Contrast that with the partnership experience. Partnerships often show up as native outbound links or calls-to-action to highly relevant and informative content written by the site you’re on. That site’s publisher has probably invested lots of time building up a cache of trust and goodwill with you, their audience, by being authentic, informative, or entertaining, and would not squander that away with irrelevant calls-to-action. The affiliate links they embed within their content are there to help their audience continue with their buyer’s journey organically. Overall, it’s this trust, authenticity and organic fit into the consumer journey that makes partnerships a better customer experience overall compared to many other forms of marketing like advertising.
Focusing on the partnership channel also pays higher dividends versus expending too much energy on other channels. Given rising costs per click in paid search and social channels and lack of engagement with traditional display, partnerships offer brands a significantly higher return on investment as well as the singular opportunity to go beyond the performance plateau, increase market share, and/or offset risk and costs in the marketing mix. According to the Performance Marketing Association, the average ROAS of the channel is 12:1. This contrasts with the ROAS of other marketing channels, which averages to about 2.6:1 according to Nielsen’s research.
So how does a brand decide whether to work with a network or a tech platform? It has to do with what kind of work your team is doing, and the impact it has on your brand.
In the network model, the bulk of the work of the in-house team, agency, and the account management team simply keeps the programs running. On a tech platform, the administrative work of running the platform is automated. This allows a program to mature and expand. The work of the in-house team or agency is turned toward strategic development, program growth, and partner interaction and optimization. Plus a tech platform offers more advanced tools and reporting, which enables these teams to execute on these strategies in real-time.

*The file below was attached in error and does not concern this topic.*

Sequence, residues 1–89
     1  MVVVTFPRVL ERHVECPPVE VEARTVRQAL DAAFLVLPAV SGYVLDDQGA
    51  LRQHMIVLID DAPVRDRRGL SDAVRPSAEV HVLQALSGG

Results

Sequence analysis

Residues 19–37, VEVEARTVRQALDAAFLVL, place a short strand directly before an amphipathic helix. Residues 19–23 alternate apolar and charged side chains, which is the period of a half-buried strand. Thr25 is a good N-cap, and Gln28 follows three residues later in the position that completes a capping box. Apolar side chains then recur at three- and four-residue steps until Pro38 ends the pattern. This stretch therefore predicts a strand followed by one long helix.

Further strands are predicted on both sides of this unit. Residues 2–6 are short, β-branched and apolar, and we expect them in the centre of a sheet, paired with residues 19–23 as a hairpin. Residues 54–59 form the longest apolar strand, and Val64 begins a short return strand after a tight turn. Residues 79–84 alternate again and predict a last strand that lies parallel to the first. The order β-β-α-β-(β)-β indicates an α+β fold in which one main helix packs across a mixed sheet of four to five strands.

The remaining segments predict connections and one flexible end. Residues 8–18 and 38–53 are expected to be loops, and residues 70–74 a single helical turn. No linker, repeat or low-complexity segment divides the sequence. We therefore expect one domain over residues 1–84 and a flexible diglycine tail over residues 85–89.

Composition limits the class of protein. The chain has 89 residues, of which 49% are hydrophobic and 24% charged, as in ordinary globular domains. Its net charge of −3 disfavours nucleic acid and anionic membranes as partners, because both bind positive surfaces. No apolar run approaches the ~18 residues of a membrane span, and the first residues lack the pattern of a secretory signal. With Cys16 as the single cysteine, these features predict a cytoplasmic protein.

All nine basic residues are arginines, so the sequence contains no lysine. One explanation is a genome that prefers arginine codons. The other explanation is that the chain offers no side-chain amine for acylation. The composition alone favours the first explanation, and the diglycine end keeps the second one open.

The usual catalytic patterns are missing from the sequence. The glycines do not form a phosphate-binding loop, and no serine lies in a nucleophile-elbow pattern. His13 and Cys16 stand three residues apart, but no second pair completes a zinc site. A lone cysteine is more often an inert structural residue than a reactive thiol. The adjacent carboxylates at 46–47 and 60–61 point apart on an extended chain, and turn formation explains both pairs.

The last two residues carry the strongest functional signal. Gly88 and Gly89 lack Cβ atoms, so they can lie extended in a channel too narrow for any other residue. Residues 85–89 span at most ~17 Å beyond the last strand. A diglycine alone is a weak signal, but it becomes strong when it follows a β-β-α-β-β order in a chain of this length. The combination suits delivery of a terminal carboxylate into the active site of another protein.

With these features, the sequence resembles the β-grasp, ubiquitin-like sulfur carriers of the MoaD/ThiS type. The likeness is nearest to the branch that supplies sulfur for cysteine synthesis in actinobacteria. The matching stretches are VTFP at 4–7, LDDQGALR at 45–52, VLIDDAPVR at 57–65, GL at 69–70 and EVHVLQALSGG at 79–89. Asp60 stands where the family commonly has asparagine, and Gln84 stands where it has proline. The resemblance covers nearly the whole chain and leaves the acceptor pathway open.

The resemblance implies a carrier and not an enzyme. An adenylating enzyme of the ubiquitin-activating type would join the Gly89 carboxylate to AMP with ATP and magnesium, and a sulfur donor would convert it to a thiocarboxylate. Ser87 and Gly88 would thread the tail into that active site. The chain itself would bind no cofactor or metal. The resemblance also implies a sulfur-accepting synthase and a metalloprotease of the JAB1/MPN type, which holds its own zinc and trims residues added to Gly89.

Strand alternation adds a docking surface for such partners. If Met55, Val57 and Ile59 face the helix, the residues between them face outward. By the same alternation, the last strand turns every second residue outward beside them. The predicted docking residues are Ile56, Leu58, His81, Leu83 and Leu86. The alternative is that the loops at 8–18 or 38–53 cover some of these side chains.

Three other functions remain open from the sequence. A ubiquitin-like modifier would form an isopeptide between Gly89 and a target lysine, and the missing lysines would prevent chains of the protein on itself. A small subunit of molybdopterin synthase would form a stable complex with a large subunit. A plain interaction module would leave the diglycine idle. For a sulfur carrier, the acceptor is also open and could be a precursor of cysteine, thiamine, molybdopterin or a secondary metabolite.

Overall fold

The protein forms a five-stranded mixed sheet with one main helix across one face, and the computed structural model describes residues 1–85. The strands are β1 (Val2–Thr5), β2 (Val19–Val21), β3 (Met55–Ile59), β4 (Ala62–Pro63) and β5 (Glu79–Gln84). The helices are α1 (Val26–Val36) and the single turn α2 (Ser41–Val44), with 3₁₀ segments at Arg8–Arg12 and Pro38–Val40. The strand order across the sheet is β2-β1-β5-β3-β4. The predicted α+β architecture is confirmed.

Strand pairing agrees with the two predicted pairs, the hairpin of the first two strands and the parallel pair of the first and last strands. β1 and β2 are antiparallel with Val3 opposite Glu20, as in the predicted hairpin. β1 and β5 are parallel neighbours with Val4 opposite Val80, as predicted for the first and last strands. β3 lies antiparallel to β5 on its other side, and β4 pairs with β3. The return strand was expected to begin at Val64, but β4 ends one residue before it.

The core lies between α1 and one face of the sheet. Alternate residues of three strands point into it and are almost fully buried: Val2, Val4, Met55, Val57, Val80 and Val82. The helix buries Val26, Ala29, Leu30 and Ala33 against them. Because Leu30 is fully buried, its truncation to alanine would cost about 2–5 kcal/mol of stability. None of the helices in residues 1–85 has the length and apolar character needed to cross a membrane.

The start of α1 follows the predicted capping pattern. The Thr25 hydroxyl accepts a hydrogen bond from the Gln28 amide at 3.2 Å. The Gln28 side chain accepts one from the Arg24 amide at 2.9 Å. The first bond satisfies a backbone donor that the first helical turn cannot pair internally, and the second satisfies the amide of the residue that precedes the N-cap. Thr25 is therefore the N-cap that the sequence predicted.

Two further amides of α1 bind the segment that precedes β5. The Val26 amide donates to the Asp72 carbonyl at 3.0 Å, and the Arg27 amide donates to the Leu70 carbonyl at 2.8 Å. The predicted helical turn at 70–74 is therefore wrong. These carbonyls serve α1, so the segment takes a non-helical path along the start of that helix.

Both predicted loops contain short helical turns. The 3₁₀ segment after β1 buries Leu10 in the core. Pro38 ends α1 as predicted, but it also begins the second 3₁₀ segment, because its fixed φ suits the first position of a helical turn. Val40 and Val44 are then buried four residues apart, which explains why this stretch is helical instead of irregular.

How would you rather invest your time, money, and resources?
3. Is your agency team making the most of technology?
Fifty percent of Impact’s clients work with an agency partner. They do so in order to tap into a talented, experienced, and industry-connected resource that brings in a unique and expert perspective. Agency teams know what performs and are supported by a larger organization offering the resources to deliver exactly what a brand needs to grow.
The range of agency options allows a brand to employ the right resource at the right time and in the right markets. This freedom enables quicker strategic moves, whether working with a dedicated, full-service OPM or a broader digital agency. By unbundling strategic services from the technology, a brand can be sure they are working with teams that only have one goal in mind — customer growth and success.
In the case where a brand chooses to work with an agency, Impact’s customer success model shifts slightly and supports both the brand and its agency partner. Dedicated agency customer success teams work alongside the brand’s customer success team and the goal stays the same — allowing the strategic initiatives to take center stage.
Knowledge doesn’t have to stay with the agency or with the technology provider either. Impact’s agency certification program isn’t about training an agency to press the buttons and pull the levers — it is about passing on the knowledge that our client success team has about system and industry best practices. It isn’t just a nod to technological competency — it is a badge that tells a brand that the money invested in this particular agency will all go to high-value, strategic work and not to tasks that can and should be automated.
4. Is using a network the way to go or do you need a full technology platform?
The network model remains another option for businesses that want to generate revenue from partnerships. But if you want to work with partners outside of traditional affiliates or influencers, you won’t find support from a network, because it simply isn’t part of their one-to-many-partners service model. In contrast, the support and services offered by agencies and by the companies behind tech platforms like Impact work across any partnership type, initiative, or strategy you come up with. (It’s also worth considering the other limitations to the network model that are fueling a shift to SaaS platforms.)
5. Is your current approach getting it done?
A simple test of your current partnership program management approach (team, platform, agency, network, or a combo thereof) is to go back to our list of administrative tasks and ask yourself how many of those tasks are done by technology and how many are done by people?